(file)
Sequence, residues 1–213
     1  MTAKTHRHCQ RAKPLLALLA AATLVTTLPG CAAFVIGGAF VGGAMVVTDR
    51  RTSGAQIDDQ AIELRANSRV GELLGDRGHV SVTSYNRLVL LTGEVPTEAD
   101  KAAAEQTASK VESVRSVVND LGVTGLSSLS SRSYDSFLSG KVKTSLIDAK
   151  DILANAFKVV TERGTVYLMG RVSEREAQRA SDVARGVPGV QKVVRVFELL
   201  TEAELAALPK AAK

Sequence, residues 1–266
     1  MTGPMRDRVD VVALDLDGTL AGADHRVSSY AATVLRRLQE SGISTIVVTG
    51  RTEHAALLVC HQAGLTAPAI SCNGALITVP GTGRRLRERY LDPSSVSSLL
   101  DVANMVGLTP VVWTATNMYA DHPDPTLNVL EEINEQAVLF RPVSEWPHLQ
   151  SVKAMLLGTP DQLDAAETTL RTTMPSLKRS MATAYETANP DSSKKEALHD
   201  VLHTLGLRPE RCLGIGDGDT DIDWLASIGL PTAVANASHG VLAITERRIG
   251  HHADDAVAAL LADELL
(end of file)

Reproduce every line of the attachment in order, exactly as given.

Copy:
Sequence, residues 1–213
     1  MTAKTHRHCQ RAKPLLALLA AATLVTTLPG CAAFVIGGAF VGGAMVVTDR
    51  RTSGAQIDDQ AIELRANSRV GELLGDRGHV SVTSYNRLVL LTGEVPTEAD
   101  KAAAEQTASK VESVRSVVND LGVTGLSSLS SRSYDSFLSG KVKTSLIDAK
   151  DILANAFKVV TERGTVYLMG RVSEREAQRA SDVARGVPGV QKVVRVFELL
   201  TEAELAALPK AAK

Sequence, residues 1–266
     1  MTGPMRDRVD VVALDLDGTL AGADHRVSSY AATVLRRLQE SGISTIVVTG
    51  RTEHAALLVC HQAGLTAPAI SCNGALITVP GTGRRLRERY LDPSSVSSLL
   101  DVANMVGLTP VVWTATNMYA DHPDPTLNVL EEINEQAVLF RPVSEWPHLQ
   151  SVKAMLLGTP DQLDAAETTL RTTMPSLKRS MATAYETANP DSSKKEALHD
   201  VLHTLGLRPE RCLGIGDGDT DIDWLASIGL PTAVANASHG VLAITERRIG
   251  HHADDAVAAL LADELL